“Not everything was better in our ancestors’ days, either — our own age, too, has produced many instances of excellence and artistic merit deserving to be imitated by posterity. At all events, let us continue to promote such honourable competitiveness with our ancestors.”

Tacitus. The Annals: The Reigns of Tiberius, Claudius, and Nero. Oxford World’s Classics. Translated by J.C. Yardley. Introduction and notes by Anthony A. Barrett. Oxford University Press Inc.: New York. 2008. (Book 3, chapter 55, p. 124)


Oh?


Excellence, merit, deserving, honourable = good. As was the Knight’s Cross of the Iron Cross awarded by the Furher during WWII. Whoops! Oh words, how you lead me into hot water when I don’t stop to think about what you mean and to what, or whom, you are referring. These are the perils of patter. Be aware that great men can utter patter as mindlessly as any other.


Here is a truism for all truisms, probably the mother of all truisms. Some things (concepts or technologies) we should keep, others we should chuck — depending on what use we have for them at the time. While we ought to be careful not to throw the baby out with the bathwater, some things are best forgotten. Though we oughtn’t forget those things best forgotten since those who forget history are condemned to repeat it. Those who remember idioms are condemned to repeat them ad nauseam — usually the nausea felt by their readers or interlocutors. But what would discourse be without them? What indeed. See, Just a Thought.18. which links to George Orwell’s, Politics and the English Language.


When what we’ve got “now” is unbearable, e.g. boring, painful, disappointing, it’s understandable that we look for an escape route. If one isn’t available, we can always imagine a past, or a future, to provide some palliation. Such is the value of reminiscing. Even if memory serves us wrong, as some relish to point out, it oftentimes serves us well for this purpose. Nostalgic reminiscing isn’t usually entirely wrong, it’s just cherry-picking. But so what? We all cherry-pick. The notions of good and bad are lumped in a pile with notions of time, and place, and people — self included, and we sort through these piles to find the things we want to find. Or bury the things we don’t (which, embarrassingly, sometimes take root and sprout). While this cherry-picking is often a self-soothing activity, it’s not necessarily self-serving. Some of our greatest joys come from filling each others’ baskets with the sweet fruits we’ve carefully selected. As do some of our greatest sorrows. Whatever the case, and whatever the reason — justification, palliation, information, solidarity — we sort these piles, picking them apart and covering them over, incessantly.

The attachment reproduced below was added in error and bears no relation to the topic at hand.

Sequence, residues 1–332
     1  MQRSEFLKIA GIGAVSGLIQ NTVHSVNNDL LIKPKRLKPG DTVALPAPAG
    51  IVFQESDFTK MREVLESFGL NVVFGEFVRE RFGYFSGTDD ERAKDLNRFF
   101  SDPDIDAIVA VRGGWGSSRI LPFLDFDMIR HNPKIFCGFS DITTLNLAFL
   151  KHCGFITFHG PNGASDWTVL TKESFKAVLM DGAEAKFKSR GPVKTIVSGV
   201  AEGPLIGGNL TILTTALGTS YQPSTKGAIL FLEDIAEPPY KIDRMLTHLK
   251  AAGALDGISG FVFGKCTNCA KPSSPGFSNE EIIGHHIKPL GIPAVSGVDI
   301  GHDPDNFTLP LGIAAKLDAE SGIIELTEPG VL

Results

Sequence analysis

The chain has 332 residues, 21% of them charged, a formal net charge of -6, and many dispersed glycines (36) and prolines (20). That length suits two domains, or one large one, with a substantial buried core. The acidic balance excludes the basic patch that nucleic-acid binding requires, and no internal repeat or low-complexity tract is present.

What would life be like without the palliation of nostalgic reminiscing? Like a life without music. Peter Allen, When Everything Old is New Again, [Rockets Tour], You Tube, posted by VERICH, August 17, 2011.